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How to correctly do something like the following without using jQuery.

   $(document).ready(function(){
      $("#someButton").click(function(){
        alert("Hello");
      });
   });

Thanks.

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Without Jquery? and using what language ?!? –  Zuul Jun 19 '10 at 18:17
5  
jquery is not a language. PS: using javascript. Thanks. –  Babiker Jun 19 '10 at 18:18
1  
If you are using jQuery I don't see any reason trying to use events without using jQuery –  azatoth Jun 19 '10 at 18:24
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5 Answers

up vote 24 down vote accepted

The easiest way is:

// DOM Level 0 way
window.onload = function () {
  document.getElementById("someButton").onclick = function() {
    alert("Hello");
  };
};

This will work on all browsers but note that with this approach only one event handler can be attached to an event.

Also notice that the onload event is not completely equivalent to the jQuery's ready event, onload will be fired when all the resources of the page are completely loaded (images, sub-frames, etc...), while ready fires as soon the DOM has been parsed.

If you want to attach multiple event handlers, you can use the DOM Level 2 Standard element.addEventListerner method (or element.attachEvent for IE)

The simplest abstraction to get a cross-browser way to bind events is:

function addEvent(el, eventType, handler) {
  if (el.addEventListener) { // DOM Level 2 browsers
    el.addEventListener(eventType, handler, false);
  } else if (el.attachEvent) { // IE <= 8
    el.attachEvent('on' + eventType, handler);
  } else { // ancient browsers
    el['on' + eventType] = handler;
  }
}

Then you can:

var button = document.getElementById("someButton");
addEvent(button, 'click', function () {
  alert("Hello");
});

addEvent(button, 'click', function () {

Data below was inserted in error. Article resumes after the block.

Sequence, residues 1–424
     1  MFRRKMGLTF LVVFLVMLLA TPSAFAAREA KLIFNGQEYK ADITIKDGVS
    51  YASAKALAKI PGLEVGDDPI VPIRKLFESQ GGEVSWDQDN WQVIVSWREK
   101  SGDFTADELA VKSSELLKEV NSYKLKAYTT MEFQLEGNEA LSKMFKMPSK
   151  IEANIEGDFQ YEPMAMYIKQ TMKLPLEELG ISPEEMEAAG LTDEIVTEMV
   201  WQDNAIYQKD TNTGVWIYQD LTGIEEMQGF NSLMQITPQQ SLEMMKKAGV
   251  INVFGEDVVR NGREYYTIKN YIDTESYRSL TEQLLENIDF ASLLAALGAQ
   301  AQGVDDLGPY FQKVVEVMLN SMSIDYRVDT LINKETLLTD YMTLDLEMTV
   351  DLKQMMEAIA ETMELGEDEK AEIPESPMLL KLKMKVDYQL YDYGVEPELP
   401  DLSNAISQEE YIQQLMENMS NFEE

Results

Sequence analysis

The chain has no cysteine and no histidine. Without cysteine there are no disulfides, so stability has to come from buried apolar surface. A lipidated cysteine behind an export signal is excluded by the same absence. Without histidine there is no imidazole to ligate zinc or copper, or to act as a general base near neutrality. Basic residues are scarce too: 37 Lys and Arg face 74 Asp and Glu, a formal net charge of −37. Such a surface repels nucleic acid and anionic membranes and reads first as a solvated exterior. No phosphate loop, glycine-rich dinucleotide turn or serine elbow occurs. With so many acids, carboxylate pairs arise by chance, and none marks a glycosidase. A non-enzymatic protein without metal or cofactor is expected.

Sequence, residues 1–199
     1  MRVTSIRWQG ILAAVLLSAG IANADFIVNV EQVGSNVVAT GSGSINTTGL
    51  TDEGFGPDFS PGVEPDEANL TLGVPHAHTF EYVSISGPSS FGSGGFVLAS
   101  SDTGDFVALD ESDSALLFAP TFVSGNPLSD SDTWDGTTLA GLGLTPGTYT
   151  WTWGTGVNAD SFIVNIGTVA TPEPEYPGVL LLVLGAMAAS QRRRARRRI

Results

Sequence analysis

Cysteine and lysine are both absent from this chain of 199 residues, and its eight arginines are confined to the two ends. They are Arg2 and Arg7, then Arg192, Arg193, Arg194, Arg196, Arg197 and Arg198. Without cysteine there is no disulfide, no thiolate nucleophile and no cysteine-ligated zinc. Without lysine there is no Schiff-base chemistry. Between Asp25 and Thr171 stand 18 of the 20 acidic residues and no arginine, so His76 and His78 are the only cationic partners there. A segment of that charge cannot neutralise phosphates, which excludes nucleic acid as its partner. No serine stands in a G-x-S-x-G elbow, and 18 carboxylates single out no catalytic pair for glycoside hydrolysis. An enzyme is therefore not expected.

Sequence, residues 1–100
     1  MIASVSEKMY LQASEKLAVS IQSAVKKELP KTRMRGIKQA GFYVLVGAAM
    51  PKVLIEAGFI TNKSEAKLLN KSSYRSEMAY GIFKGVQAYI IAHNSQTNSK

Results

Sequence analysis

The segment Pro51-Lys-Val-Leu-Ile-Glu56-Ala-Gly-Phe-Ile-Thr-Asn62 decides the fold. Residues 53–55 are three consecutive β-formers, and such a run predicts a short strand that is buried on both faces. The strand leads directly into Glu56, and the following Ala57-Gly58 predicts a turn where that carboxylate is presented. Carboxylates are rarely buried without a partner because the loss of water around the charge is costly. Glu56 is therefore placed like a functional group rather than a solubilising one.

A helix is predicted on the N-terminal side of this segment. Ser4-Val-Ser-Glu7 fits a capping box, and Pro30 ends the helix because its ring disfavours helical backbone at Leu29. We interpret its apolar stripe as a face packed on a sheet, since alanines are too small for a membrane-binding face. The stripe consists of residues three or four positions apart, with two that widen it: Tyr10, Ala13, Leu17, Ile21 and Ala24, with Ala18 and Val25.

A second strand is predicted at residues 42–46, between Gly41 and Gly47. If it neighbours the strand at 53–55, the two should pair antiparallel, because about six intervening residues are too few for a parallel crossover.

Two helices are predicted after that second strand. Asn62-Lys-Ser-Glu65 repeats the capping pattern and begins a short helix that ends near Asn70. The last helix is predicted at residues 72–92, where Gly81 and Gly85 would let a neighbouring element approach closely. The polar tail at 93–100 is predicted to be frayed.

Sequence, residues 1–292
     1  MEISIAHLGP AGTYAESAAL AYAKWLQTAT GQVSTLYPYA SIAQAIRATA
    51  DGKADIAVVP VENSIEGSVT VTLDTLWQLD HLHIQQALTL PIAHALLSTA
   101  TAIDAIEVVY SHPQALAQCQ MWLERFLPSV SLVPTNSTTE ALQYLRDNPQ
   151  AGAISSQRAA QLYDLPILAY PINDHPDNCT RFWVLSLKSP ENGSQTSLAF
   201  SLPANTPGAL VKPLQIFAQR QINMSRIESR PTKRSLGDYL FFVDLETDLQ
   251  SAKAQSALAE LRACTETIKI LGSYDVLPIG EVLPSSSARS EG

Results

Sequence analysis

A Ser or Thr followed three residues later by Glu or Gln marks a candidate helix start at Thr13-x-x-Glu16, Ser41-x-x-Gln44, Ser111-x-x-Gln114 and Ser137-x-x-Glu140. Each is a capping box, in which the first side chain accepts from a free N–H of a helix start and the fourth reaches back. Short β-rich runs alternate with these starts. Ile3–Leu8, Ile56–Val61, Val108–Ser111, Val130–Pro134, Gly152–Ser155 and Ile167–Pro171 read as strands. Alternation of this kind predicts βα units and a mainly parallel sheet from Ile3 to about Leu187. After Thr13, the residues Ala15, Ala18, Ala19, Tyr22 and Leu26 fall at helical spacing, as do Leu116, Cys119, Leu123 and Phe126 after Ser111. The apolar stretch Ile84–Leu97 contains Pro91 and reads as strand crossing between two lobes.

alert("world!");
});

Be aware also that the addEventListener and the IE's attachEvent methods have their differences, when you attach multiple handlers to an event with addEventListener they will be fired in the same order, as the handlers were bound (FIFO), attachEvent will trigger the handlers in the contrary order (LIFO).

Check an example here.

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Well explained! –  Raghav Khunger Jun 19 '10 at 20:17
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How about something like this?

document.getElementById('someButton').onclick = function () { alert('Hello');}

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try this:

<html>
<head>
<meta http-equiv="Content-Type" content="text/html; charset=UTF-8">
<title>Test clicks</title>


<script type="text/javascript">
function setClicks(){
    var element = document.getElementById('test');
    element.onclick =  function (){
            alert('test');
    } 
}
</script>
</head>
<body onload = "setClicks();">
<div id="test" name="test" >
test
</div>


</body>
</html>
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This answer isn't so simple without jQuery, because there are two major styles (depending on which browser you are using) for hooking up events. If you don't use one of those two styles, then your events can overwrite each other. Here's the simpler/overwriting style:

window.onload = function() {
    document.getElementById("someButton").onclick = function() {
        alert("Hello");
    }
}

But if you try and to the above twice, you'll only get one alert, because the second time will overwrite the first one. Alternatively you can do some browser/feature detection and then use the specific event mechanisms for specific browsers; for more info on that style check out QuirksMode.com:

http://www.quirksmode.org/js/events_advanced.html

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As far as I know, onLoad is NOT same as On DOM Ready.

On Load waits for all the assets to be loaded (images, other external files). whereas On DOM Ready only waits for HTML to be rendered and doesn't wait for assets to be loaded.

Correct me if I'm wrong.

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looking at the jQuery 1.4.2 code yes, it's not totally equivalent, however they use onload as the last chance to catch the correct event: " // A fallback to window.onload, that will always work window.addEventListener( "load", jQuery.ready, false ); " –  Balint Pato Jun 20 '10 at 8:17
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